Lindsay Schoonover

Leaving behind the “Happiest Place on Earth,” I arrived at the Sandra Day O’Connor College of Law after seven years of working for the Disneyland Resort as an Entertainment Manager. It was through this experience that I came to love the law (yes, intellectual property became my passion) and decided to come back to Arizona to further my education. Academically, I started my undergraduate career as a Sun Devil in the dance program here at ASU, but ended up finishing at Cal State Long Beach majoring in Communications Studies.

While at Disney, I had the honor of representing the company as the 2007 Disneyland Resort Ambassador, hosting media events, attraction openings, and participating in community outreach efforts as the “official face of Disneyland.” Through this time, I started to write and host on-air for a variety of companies and conventions. While I loved the experience of this representation, the opportunity of law school moved me back to ASU making Ross-Blakely officially my new home.

Here at the Sandra Day O’Connor College of Law, I am fortunate enough to be a member of the Women Law Students’ Association (WLSA) and a student ambassador for the Admissions office. When I’m not living it up at the library, I can be found g33king out on my iMac, hiking, at the gym, or wasting the time watching my favorite TV shows (“Dexter” and “Fringe” anyone?).

Sandra Day O’Connor College of Law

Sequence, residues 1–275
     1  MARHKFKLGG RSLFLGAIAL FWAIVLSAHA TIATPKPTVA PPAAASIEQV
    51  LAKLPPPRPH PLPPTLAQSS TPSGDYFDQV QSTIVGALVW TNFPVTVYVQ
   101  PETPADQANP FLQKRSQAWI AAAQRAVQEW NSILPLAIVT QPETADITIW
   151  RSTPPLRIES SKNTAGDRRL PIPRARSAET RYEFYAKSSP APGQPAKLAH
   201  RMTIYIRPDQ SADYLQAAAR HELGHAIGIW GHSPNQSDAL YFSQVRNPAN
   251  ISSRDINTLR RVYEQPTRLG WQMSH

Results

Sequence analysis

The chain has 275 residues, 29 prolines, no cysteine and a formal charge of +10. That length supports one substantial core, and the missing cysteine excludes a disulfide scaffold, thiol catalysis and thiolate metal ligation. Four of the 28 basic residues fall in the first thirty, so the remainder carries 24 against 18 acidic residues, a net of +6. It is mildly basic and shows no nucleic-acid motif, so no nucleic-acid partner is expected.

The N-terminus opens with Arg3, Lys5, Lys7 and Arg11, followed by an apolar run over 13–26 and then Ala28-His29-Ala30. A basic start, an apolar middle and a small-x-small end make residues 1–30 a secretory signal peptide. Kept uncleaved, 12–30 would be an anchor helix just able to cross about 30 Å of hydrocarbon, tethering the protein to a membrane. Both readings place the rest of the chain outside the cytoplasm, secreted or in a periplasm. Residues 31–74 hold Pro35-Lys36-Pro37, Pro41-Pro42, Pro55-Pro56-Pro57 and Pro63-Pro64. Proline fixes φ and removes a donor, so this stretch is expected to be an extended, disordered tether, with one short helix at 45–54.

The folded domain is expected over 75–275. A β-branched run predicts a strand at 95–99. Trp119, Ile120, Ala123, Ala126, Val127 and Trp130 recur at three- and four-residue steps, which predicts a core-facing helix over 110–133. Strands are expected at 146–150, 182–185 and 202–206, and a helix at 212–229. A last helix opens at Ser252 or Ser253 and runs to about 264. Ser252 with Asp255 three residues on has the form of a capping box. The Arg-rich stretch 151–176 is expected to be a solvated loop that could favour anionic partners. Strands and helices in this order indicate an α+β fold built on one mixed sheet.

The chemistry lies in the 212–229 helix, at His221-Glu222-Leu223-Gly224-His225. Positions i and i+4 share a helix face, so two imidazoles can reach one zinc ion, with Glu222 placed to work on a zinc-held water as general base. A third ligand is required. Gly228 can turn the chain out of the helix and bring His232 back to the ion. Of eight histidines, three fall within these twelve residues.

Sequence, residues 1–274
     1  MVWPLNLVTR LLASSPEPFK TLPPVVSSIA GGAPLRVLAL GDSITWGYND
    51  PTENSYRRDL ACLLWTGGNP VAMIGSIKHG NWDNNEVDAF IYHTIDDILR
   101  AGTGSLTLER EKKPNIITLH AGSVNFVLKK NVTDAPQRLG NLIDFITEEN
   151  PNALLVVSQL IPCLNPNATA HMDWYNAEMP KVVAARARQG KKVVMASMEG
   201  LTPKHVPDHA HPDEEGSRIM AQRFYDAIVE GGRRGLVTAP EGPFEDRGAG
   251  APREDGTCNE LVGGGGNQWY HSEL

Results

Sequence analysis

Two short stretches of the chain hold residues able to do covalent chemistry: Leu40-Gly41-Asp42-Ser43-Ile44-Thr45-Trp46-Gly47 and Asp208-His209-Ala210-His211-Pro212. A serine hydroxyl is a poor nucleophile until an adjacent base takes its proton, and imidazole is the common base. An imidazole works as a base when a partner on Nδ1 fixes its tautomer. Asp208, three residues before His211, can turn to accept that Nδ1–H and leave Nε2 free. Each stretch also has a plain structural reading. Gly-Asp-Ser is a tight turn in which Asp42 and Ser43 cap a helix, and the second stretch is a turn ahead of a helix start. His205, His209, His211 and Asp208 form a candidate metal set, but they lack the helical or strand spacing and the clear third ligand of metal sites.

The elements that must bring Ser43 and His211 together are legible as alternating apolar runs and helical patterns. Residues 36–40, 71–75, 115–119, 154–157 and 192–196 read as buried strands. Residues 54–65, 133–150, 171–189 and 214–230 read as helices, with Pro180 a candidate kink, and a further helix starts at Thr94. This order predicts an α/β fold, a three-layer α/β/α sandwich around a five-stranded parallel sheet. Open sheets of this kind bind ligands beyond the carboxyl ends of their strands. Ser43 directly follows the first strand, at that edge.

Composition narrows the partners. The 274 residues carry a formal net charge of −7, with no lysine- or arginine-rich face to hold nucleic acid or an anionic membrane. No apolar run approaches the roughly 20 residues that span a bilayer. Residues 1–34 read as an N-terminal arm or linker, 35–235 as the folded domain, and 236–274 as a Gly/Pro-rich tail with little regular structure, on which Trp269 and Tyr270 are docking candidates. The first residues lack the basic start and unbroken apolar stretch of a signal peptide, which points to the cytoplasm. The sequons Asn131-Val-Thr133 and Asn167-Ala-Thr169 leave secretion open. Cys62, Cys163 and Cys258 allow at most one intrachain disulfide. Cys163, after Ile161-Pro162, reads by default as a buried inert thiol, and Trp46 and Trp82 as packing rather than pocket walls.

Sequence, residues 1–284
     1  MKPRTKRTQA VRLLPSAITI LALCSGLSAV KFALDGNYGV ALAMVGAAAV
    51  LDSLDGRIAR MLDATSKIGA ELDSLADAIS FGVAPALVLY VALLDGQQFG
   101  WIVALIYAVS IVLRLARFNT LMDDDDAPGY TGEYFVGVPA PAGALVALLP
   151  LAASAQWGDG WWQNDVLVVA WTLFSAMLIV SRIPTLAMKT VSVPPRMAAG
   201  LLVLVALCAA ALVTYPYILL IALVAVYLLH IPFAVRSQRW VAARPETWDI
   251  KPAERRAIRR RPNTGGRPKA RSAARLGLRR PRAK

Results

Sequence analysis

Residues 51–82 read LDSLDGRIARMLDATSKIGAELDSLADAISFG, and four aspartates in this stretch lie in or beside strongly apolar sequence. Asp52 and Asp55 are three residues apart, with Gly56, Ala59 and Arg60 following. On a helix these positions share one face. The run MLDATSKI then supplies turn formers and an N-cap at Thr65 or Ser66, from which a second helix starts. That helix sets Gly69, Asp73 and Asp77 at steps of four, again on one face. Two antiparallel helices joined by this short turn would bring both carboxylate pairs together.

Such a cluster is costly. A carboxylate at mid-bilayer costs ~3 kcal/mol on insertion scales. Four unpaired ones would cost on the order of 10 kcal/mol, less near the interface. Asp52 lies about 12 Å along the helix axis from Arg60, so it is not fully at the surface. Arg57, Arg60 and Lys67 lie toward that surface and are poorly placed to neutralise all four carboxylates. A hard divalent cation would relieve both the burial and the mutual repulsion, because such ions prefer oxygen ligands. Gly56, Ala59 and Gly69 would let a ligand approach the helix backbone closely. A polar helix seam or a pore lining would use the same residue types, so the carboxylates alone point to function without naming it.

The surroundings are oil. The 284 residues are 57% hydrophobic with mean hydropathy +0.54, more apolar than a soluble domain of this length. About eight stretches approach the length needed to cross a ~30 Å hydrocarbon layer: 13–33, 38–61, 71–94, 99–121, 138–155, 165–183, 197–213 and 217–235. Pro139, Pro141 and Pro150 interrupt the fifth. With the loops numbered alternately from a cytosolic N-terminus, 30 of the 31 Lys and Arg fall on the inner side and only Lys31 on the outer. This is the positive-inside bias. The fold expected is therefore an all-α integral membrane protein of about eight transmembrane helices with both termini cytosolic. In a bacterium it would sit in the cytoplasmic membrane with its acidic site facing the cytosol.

The Sandra Day O’Connor College of Law, renamed for the retired U.S. Supreme Court Justice in 2006, is pursuing a bold and transformative model for public legal education in the 21st century, a model we call “legal education in the future tense.” This model re-imagines the law school as a multifaceted legal studies center serving law students, professionals from other fields, and undergraduates seeking broad-based exposure to legal issues. At the core of this expansion is a dedication to making the law school a valuable resource for addressing major regional, national, and international problems of law and public policy.  The College is the leading law school in the Phoenix area, boasts an Indian Legal Program that is arguably the best in the nation, houses the Center for Law, Science & Innovation, the oldest, largest and by far the most comprehensive law and science center in the country, the Center for Law and Global Affairs, and the new Diane Halle Center for Family Justice. Beyond the traditional J.D., the College offers several concurrent degrees, including a J.D./M.D. program with the Mayo Medical School, a J.D./M.B.A. with the W. P. Carey School of Business at ASU, a J.D./Ph.D. in Law and Psychology with the ASU Department of Psychology, and a J.D./Ph.D. in Justice Studies with the ASU School of Social Transformation’s Justice and Social Inquiry Program. It also offers graduate degrees in Biotechnology and Genomics and in Tribal Policy, Law and Government. A Master of Legal Studies program gives non-lawyers an opportunity to develop needed legal skills to help students advance in their professional careers. For more information, visit law.asu.edu